JPMorgan Chase, America’s largest bank by assets, has admitted that the names, addresses, phone numbers and email addresses of 76 million households and seven million small business accounts were exposed in August’s attack on its systems.
This makes it one of the largest data breaches in history, affecting a majority of US citizens.
The bank has issued a statement saying that there is no evidence that account numbers, passwords, user IDs, birth dates or Social Security numbers have been stolen, and it has seen no evidence of “unusual customer fraud”. As a result, it is not currently advising customers to change their passwords or account logins.
However, data relating to the apps ChaseMobile and JPMorgan Mobile was included in the hack, along with information about users of the and JPMorganOnline sites.
The apparent scale of the attack proves that personal data is now the world’s de facto currency.
Tal Klein, VP of cybersecurity firm Adallom, said that the sophisticated nature of the hack – in the wake of other large-scale raids on e-commerce sites and social platforms – suggests that data security as a whole has been compromised.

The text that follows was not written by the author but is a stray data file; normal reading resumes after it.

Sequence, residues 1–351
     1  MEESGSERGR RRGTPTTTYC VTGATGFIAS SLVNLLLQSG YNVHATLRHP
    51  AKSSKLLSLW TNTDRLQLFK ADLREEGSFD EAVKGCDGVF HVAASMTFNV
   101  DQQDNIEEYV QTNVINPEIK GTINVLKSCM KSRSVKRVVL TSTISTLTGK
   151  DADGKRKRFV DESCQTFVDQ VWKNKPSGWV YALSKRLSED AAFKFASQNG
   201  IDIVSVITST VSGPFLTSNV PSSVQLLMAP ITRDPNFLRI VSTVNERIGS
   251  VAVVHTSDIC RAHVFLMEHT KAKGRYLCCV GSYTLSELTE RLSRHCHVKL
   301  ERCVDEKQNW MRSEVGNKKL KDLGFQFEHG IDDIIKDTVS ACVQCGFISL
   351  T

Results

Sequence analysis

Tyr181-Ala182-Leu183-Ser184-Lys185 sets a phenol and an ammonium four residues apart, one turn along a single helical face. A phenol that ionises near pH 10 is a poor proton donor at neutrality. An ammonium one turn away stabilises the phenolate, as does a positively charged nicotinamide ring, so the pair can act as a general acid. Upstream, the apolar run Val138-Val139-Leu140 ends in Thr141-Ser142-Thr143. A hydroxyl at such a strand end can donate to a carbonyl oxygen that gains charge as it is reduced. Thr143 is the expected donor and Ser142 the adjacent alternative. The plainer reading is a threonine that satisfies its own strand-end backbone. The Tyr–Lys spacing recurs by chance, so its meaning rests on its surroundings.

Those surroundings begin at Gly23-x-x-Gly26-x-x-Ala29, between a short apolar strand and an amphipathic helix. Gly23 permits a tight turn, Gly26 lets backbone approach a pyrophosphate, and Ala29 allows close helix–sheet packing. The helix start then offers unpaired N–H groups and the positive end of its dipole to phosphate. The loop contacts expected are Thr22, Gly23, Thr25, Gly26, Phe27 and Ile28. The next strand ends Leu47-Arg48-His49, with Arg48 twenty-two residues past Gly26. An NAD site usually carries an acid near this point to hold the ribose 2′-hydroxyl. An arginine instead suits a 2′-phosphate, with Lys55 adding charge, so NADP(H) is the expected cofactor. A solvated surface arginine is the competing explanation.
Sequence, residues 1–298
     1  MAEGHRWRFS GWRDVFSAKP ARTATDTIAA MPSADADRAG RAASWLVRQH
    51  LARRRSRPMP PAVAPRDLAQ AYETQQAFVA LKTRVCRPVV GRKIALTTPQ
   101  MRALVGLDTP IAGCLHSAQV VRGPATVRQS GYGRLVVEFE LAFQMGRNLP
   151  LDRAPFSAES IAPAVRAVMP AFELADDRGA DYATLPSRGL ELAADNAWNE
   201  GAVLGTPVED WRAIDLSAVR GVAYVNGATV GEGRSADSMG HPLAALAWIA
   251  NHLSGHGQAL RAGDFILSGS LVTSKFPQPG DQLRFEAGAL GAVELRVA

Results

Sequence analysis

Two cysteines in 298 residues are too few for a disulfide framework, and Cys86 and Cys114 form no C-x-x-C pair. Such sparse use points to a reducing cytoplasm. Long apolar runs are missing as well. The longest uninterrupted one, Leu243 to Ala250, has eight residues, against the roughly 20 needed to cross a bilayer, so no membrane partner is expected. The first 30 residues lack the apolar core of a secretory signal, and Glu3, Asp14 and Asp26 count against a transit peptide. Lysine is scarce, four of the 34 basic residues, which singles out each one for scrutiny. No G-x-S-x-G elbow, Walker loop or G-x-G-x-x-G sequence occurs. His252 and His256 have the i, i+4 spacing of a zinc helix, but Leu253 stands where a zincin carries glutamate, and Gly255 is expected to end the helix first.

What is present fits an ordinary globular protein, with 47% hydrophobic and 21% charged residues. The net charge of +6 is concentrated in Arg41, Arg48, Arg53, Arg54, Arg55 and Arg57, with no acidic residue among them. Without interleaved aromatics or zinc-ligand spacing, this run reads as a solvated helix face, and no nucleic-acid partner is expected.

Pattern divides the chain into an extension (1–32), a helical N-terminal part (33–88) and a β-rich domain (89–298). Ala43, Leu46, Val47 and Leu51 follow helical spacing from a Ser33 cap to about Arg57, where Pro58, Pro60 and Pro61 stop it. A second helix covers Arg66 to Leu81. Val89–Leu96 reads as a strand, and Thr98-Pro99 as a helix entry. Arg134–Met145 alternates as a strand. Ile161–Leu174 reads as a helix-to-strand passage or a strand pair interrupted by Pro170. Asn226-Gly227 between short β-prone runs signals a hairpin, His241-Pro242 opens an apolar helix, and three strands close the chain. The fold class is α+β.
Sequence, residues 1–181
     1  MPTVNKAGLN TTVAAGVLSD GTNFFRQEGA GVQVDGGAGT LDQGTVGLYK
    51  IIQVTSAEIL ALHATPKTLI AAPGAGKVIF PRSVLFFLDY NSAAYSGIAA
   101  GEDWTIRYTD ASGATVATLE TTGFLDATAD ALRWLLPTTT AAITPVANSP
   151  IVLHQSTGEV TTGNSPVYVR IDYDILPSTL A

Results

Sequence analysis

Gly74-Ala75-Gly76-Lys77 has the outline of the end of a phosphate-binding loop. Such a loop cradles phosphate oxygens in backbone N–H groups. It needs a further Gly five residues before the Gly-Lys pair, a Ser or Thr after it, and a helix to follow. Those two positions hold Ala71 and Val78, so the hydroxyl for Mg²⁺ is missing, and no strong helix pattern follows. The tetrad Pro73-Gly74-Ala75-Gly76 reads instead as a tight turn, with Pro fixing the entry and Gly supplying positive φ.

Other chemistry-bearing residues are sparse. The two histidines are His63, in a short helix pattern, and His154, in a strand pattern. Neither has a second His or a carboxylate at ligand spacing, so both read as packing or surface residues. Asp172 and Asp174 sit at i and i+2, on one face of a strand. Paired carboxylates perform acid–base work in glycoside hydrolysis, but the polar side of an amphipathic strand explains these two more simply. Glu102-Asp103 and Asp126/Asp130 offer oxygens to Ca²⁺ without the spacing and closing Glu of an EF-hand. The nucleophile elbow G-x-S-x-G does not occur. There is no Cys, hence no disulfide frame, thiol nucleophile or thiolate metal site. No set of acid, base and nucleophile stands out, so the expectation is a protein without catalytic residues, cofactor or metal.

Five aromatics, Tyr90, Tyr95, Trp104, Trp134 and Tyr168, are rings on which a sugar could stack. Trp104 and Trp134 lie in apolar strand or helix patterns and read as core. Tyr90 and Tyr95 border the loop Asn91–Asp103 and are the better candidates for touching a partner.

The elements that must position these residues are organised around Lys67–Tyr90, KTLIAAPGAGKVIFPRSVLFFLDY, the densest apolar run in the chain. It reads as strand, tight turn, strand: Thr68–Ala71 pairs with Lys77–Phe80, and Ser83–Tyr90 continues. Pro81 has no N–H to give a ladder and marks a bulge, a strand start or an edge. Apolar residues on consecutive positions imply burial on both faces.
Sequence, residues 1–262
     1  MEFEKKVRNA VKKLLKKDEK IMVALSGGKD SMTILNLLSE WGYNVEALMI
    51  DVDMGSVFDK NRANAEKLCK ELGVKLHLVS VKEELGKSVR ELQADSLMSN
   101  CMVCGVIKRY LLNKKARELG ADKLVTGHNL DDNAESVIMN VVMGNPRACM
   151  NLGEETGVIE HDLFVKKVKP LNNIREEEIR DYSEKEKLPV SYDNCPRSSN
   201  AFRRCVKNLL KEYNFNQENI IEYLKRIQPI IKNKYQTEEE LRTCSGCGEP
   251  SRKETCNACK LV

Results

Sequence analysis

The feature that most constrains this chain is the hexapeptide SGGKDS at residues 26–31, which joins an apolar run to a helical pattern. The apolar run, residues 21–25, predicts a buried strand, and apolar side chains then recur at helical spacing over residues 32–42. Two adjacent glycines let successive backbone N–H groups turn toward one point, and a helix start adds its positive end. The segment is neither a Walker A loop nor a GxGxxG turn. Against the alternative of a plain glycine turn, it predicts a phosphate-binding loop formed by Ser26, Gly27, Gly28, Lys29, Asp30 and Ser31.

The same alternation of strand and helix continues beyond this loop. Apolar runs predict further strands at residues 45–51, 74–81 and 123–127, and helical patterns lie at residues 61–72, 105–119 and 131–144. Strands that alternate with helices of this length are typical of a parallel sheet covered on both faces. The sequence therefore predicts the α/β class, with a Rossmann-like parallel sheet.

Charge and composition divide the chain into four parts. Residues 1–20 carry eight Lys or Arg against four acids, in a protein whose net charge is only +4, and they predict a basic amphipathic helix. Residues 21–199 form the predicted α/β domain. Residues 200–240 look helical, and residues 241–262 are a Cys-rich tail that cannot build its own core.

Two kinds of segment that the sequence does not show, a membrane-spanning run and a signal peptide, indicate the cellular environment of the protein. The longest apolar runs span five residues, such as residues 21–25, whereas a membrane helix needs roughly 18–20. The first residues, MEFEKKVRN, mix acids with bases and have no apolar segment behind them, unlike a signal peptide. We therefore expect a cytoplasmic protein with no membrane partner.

“Until now the assumption has been that the companies that get breached are the ones that have poor security practices, but we know that JPMorgan had a good security programme and that they invest heavily in this area,” he told Reuters. “So what we are waking up to is that the fundamental nature of security is broken.”
The attack may be one of several on large US companies, in an apparently coordinated assault. In August, Bloomberg reported that the FBI was investigating attacks on at least one other bank. The New York Times reported that as many as four other banks may have been hit.
Computing reported last month that data from JPMorgan Chase was derouted to a major Russian city.
The FBI is trying to establish whether the hacks are Russian-state-sponsored and in retaliation for economic sanctions – a claim denied by Russian President, Vladimir Putin.

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